This article introduces a special issue oriented to the theme of cramped space. We look to cramped space to advance critical understanding of the relationship between space, mobility and politics. Cramped space registers degrees of deprivation, constriction, and obstruction, but always and simultaneously a concern for the ways in which such limits operate to stimulate and incite movements of becoming and remaking. With this point in mind we argue that the idea of cramped space promises to foster a fruitful dialogue between two lines of research that have hitherto unfolded separately. The first of these is the recent shift within globalization theories and mobility studies away from the initial overly-optimistic focus on unbounded flows, and towards questions of friction, containment, blockage, mediation and infrastructure. The second is Deleuze and Guattari's argument for minor politics (from where the idea of cramped space originates). Addressing an age when talk of fences and walls saturates public rhetoric, the essays collected here think through cramped space to imagine new vistas of the politics of mobility.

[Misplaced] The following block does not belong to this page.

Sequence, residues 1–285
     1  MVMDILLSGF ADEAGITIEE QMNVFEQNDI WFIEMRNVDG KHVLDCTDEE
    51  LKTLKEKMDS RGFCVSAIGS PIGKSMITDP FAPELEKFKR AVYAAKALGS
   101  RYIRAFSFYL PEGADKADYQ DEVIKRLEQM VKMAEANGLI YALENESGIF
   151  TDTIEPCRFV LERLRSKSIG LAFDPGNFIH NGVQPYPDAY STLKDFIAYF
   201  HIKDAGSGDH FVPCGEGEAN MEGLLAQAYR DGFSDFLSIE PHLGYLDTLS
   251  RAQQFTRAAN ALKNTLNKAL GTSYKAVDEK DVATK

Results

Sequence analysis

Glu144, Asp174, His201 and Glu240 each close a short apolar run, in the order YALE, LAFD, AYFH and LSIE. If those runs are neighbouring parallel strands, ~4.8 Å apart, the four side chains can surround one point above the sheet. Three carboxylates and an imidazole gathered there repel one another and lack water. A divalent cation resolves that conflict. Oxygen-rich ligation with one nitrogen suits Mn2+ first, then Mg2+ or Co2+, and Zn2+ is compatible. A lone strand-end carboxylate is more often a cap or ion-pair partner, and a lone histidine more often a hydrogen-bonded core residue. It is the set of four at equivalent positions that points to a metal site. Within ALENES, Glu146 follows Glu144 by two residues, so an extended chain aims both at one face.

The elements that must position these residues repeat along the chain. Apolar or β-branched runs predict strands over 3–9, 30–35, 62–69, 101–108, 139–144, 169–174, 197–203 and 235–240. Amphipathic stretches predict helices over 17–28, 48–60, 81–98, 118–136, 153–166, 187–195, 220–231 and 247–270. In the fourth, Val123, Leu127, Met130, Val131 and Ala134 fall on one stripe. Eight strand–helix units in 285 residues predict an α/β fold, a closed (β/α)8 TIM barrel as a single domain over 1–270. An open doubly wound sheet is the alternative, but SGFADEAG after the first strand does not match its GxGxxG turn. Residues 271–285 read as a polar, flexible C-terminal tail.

Additional Metadata
Keywords Borders, Mobility, Politics, Resistance, Social theory, Space
Persistent URL dx.doi.org/10.1007/s10767-016-9237-3
Journal International Journal of Politics, Culture and Society
Citation
Walters, W, & Lüthi, B. (Barbara). (2016). The Politics of Cramped Space: Dilemmas of Action, Containment and Mobility. International Journal of Politics, Culture and Society, 29(4), 359–366. doi:10.1007/s10767-016-9237-3